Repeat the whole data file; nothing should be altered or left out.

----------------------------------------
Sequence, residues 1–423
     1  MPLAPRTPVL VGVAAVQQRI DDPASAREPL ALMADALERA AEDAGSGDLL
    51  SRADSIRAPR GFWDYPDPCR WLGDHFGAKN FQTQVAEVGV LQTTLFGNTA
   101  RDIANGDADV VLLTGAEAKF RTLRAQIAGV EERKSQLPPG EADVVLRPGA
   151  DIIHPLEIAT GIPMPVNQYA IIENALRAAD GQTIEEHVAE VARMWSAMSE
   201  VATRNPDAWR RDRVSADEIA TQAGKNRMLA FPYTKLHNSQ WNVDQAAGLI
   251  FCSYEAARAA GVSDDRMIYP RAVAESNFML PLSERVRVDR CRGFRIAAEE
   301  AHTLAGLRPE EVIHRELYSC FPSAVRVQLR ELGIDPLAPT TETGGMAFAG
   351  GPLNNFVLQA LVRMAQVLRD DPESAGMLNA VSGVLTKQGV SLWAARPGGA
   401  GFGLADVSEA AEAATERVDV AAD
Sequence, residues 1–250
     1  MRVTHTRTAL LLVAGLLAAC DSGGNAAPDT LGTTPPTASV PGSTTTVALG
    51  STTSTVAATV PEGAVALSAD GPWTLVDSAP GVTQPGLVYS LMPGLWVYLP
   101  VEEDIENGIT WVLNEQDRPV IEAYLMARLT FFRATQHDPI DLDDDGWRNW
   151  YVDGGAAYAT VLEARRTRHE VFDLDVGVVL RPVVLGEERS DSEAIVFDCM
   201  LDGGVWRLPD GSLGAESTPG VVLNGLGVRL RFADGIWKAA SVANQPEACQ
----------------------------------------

Sequence, residues 1–423
     1  MPLAPRTPVL VGVAAVQQRI DDPASAREPL ALMADALERA AEDAGSGDLL
    51  SRADSIRAPR GFWDYPDPCR WLGDHFGAKN FQTQVAEVGV LQTTLFGNTA
   101  RDIANGDADV VLLTGAEAKF RTLRAQIAGV EERKSQLPPG EADVVLRPGA
   151  DIIHPLEIAT GIPMPVNQYA IIENALRAAD GQTIEEHVAE VARMWSAMSE
   201  VATRNPDAWR RDRVSADEIA TQAGKNRMLA FPYTKLHNSQ WNVDQAAGLI
   251  FCSYEAARAA GVSDDRMIYP RAVAESNFML PLSERVRVDR CRGFRIAAEE
   301  AHTLAGLRPE EVIHRELYSC FPSAVRVQLR ELGIDPLAPT TETGGMAFAG
   351  GPLNNFVLQA LVRMAQVLRD DPESAGMLNA VSGVLTKQGV SLWAARPGGA
   401  GFGLADVSEA AEAATERVDV AAD
Sequence, residues 1–250
     1  MRVTHTRTAL LLVAGLLAAC DSGGNAAPDT LGTTPPTASV PGSTTTVALG
    51  STTSTVAATV PEGAVALSAD GPWTLVDSAP GVTQPGLVYS LMPGLWVYLP
   101  VEEDIENGIT WVLNEQDRPV IEAYLMARLT FFRATQHDPI DLDDDGWRNW
   151  YVDGGAAYAT VLEARRTRHE VFDLDVGVVL RPVVLGEERS DSEAIVFDCM
   201  LDGGVWRLPD GSLGAESTPG VVLNGLGVRL RFADGIWKAA SVANQPEACQ